Deceased April 15, 2011
William Audley Snedeker – universally known as Sned – passed away on April 15 from a stroke he suffered after taking his beloved daughter, Tatiana, to school. Sned is survived by his wife of 25 years, Linda; his son, Garrett (of the Great Class of 2009); ten-year-old Tatiana; an extended family; and more friends than I will be able to collect in eight lifetimes.
Sned would want the usual stuff disposed of quickly. Born in New Jersey. Andover, class of 1975. History major; wrote a thesis about early 20th century arms control. Georgetown Law. New York City lawyer with a bunch of law firms, massive to small, before setting up his own shop within a regional firm.
What defined Sned was his devotion to family – with “family” being defined broadly to include pretty much everyone he knew. Sned was not a Facebook friend, he was the real deal. If you had troubles, he was there for you, to listen and console. If you needed help or advice, he would give you every bit of his time and attention. He celebrated others’ successes as if they were his own. Sned did not show off his smarts – there was not a shred of pretense in the man – but he was one of the best-read and most cerebral people I have known. And, of course, he was possessed of a contagious ebullience; you simply could not help but smile when Sned was around. As Jamie Brigagliano said: “There is no one, no one, who celebrated each day more than Sned.”
The stories of Sned’s revelries are, as they say, legion. I could tell you about Sned igniting some table decorations at the old Trader Vic’s in the Plaza Hotel after a few Samoan Fog Cutters. Or the time we had a “snowball” fight with a sack of dinner rolls we discovered outside a restaurant at 4:00 a.m. Or Sned crashing, and being ejected from, a very haute party -- three times. Or Sned’s smuggling, not just a flask, but glasses, ice, and mixers, into a movie theater and serving drinks throughout Blood Suckers From Outer Space (Sned’s choice, it should go without saying). Or the time we managed to get kicked out of a NYC cab. What made all of these escapades so Snedian was not only the laughter we shared, but that they all happened in one night.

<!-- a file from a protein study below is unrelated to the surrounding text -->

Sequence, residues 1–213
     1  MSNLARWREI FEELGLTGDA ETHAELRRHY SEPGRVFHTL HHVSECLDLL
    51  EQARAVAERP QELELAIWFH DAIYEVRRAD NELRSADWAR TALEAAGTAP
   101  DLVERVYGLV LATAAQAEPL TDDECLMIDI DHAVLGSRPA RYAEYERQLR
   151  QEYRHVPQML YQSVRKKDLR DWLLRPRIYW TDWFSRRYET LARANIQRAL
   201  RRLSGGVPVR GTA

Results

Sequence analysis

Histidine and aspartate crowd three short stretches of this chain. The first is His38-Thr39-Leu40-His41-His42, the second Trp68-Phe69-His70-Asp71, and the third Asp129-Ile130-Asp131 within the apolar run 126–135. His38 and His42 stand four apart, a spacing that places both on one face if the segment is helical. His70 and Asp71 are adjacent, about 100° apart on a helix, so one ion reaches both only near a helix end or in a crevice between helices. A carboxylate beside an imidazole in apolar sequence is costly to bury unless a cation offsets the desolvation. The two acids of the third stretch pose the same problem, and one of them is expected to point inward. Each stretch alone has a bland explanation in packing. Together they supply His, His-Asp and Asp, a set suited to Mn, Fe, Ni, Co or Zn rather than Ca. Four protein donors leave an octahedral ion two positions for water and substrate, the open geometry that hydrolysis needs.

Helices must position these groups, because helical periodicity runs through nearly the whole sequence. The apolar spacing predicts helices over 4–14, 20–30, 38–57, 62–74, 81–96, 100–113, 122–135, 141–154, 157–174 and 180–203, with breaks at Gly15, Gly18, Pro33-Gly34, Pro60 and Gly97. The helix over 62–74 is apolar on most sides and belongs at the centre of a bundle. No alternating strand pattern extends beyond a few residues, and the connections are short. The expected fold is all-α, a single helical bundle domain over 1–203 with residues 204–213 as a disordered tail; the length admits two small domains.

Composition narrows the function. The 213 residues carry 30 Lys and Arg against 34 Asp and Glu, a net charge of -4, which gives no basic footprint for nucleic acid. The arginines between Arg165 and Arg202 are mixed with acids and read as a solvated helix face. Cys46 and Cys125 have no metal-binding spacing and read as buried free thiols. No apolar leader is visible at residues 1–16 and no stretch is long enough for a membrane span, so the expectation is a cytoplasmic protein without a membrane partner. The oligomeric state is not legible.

Sned loved Amherst. I think he loved the College because that was where Bill became Sned. He thrived on the academic challenges. He reveled in the informal rituals that animate the place (Sned barreling down Memorial Hill on a Valentine tray was a vision of all-consuming joy). He even enjoyed the occasional snooty ceremony, in a Pythonesque sort of way (Peter Friedrichs said, “while Sned loved tradition, he wasn't traditional”). But what he mostly loved about Amherst College were the friendships he formed there, and which he made sure endured and deepened through the years. Sned was an enthusiastic DKE, but the entire College was his fraternity – he was as comfortable joking with Amherst's Presidents as he was with Officer Keyes. He was also renowned among Amherst parents. Amy Wilfert, whose daughter, Kate, is a classmate of Garrett's, wrote: "As much of a legend as he was when we were at school, he was equally so as a parent of a student. He just seemed to belong there in a way that needs no explanation to anyone who knew him." It is right, then, that his ashes are strewn about the campus of the Fairest College. As Sned would say, “So be it.”
-- Kurt Schwarz '79